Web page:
As you might expect, the scarcity of essential building supplies is having a strong impact on ongoing and planned construction projects.
Timber supplies have been affected by a combination of factors such as lack of labour, trading issues and tree disease. Shortages are hitting the UK especially hard, as much of the nation’s wood usually arrives from mainland Europe, and Brexit-related restrictions are now stemming the supply.
Germany is being similarly affected, with many businesses struggling to source even small amounts of timber. These shortages are likely to last until at least 2025, and there are concerns that, despite the boom, they could cause a construction downturn.
Other materials, such as cement, concrete, and steel, are also facing severe circulation issues. While these products are usually in high demand, the dual effect of Brexit-related distribution delays and labour shortages as a result of COVID-19, has meant that suppliers are facing a backlog of requests. Expect steel to be especially hard to find, as production was severely reduced in the early stages of the COVID-19 pandemic, and companies like British Steel have stopped accepting orders for certain products in order to catch up.
Ultimately, the biggest effect the shortages will have on construction is price inflation. Material costs have risen by over 8% in the UK alone, whilst many German contractors have found timber prices to have risen to 3 times their usual rate. As a result, construction companies of all sizes may need to increase labour charges to cover the extra expense.
We can also anticipate issues with fulfilling construction contracts, as many projects will need to readjust their schedules to account for materials shortages. Supply chain problems may even affect project design in rare cases. However, construction contract issues will not affect all businesses in the same way. Larger companies with better stock storage and distribution systems are unlikely to face the same issues as independent businesses that order directly from their suppliers. DIY builders will be some of the most affected, so it might be best to delay any renovation plans for the time being.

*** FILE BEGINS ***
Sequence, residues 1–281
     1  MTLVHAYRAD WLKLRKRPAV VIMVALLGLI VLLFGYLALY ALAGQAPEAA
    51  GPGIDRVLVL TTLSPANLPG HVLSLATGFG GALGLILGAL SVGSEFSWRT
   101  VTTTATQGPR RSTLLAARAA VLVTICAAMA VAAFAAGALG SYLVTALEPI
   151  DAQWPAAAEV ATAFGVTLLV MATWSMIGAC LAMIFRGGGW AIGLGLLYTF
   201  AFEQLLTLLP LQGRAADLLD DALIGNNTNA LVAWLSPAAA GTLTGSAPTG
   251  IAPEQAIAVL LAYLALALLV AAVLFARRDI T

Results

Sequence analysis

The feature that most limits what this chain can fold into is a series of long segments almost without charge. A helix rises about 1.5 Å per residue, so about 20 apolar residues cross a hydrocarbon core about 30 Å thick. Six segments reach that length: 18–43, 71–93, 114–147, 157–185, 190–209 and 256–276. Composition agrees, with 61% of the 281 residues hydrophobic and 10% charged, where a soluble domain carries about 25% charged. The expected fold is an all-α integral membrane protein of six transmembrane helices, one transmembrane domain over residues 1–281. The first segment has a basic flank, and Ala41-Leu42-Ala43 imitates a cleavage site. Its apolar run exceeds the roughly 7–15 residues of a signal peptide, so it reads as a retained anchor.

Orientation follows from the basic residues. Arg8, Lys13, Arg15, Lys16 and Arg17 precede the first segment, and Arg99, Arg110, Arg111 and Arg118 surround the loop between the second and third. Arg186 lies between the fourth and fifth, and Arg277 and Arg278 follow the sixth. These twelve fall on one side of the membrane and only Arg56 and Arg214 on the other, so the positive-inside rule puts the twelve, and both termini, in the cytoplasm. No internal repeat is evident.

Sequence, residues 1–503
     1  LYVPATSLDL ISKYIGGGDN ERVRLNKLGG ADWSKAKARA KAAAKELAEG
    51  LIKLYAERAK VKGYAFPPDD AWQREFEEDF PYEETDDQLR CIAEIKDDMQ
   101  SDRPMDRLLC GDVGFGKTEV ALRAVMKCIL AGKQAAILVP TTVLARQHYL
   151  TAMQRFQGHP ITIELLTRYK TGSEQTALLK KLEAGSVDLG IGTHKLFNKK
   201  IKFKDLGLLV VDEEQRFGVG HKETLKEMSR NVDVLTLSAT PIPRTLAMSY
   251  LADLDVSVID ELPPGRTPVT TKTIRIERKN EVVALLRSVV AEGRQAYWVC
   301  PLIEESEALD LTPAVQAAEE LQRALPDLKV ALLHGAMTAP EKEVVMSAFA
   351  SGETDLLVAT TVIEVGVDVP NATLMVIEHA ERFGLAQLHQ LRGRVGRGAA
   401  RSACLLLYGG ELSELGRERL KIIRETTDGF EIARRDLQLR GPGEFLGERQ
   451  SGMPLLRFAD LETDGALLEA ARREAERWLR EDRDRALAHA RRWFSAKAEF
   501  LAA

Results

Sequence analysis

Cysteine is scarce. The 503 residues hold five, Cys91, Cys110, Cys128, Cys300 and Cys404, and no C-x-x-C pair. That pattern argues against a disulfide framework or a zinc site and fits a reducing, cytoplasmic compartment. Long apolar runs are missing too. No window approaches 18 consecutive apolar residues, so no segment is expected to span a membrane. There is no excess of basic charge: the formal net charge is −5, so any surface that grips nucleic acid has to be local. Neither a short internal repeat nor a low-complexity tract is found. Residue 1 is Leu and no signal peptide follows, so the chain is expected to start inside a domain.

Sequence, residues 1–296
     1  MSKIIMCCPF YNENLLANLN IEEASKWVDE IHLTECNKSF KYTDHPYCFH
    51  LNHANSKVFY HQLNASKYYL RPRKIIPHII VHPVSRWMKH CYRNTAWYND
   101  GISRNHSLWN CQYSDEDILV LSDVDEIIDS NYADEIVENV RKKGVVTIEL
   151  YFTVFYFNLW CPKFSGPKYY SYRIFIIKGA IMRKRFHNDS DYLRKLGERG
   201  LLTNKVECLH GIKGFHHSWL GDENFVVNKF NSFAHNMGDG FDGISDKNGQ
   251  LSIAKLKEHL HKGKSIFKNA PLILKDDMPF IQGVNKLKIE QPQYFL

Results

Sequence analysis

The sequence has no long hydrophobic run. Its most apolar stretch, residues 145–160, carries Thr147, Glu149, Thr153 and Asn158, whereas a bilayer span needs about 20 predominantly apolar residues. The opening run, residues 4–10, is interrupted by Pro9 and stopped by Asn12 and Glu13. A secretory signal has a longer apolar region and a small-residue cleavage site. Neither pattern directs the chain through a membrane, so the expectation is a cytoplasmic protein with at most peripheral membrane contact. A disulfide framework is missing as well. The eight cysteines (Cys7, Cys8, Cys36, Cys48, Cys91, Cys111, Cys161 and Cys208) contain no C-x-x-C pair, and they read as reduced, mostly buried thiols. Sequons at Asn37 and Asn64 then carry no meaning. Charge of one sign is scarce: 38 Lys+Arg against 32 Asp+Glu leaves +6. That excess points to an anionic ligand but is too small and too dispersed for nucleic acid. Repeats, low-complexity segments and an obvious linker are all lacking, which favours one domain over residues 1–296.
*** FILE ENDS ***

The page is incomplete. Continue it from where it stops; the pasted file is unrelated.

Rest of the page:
As you might expect, a lack of materials will almost certainly impact real estate development. Currently, developers are anticipating a delay on all building projects of a minimum of two months as they struggle to source the materials to finish developments delayed due to COVID-19. There is also an issue with securing key supplies needed to begin work on new construction contracts.
Not only this, but some projects may be impacted by contracting setbacks, as rising costs are sure to cause many existing agreements to be renegotiated. Labour issues will also cause an uneven pattern of delays, as some sectors within the industry struggle with unemployment problems, while others have a host of tradesmen keen to return to work.
Finally, development is likely to be affected by circulation issues. Multi-national developers have the stock capacity to hoard key materials, which reduces delays in their own work but can make the situation worse for smaller or independent contractors. Unfortunately, hoarding not only boosts scarcity and demand, but can cause cost prices to rise even more.
Real Estate Investment
When it comes to real estate investment, two main trends are emerging in the 2021 market. Primarily, expect an emphasis on improving infrastructure, especially in the public sector, with many projects focused on updating healthcare services and strengthening transport routes. Real estate in Hong Kong is expected to grow by 1.5% in 2021 alone, with large-scale development projects — such as railway construction and the Greater Bay Area Initiative — all aimed at boosting connection. Construction investments in Singapore are following a similar trend, with plans to increase the number of healthcare centers across the region.
Investment in the USA is also seeing an upturn, with a projected 2021 growth of over 15%. The scope of projects is slightly broader, but there’s still a clear focus on developing public infrastructure. In response to the pandemic and high demand for medical services, there are plans to build new healthcare facilities and to expand the capacity of existing hospitals and clinics. Not only this, but we can expect an emphasis on updating major roads and river crossings, and moves to strengthen nationwide internet access. However, with materials shortages expected to last well beyond the end of the year, there will be significant delays to planned infrastructure improvements, with many local authorities seeking to renegotiate contracts affected by materials scarcity. The lack of essential materials like timber and steel will have a worse impact on bridge, railway, and healthcare facility construction, compared to road and highway projects.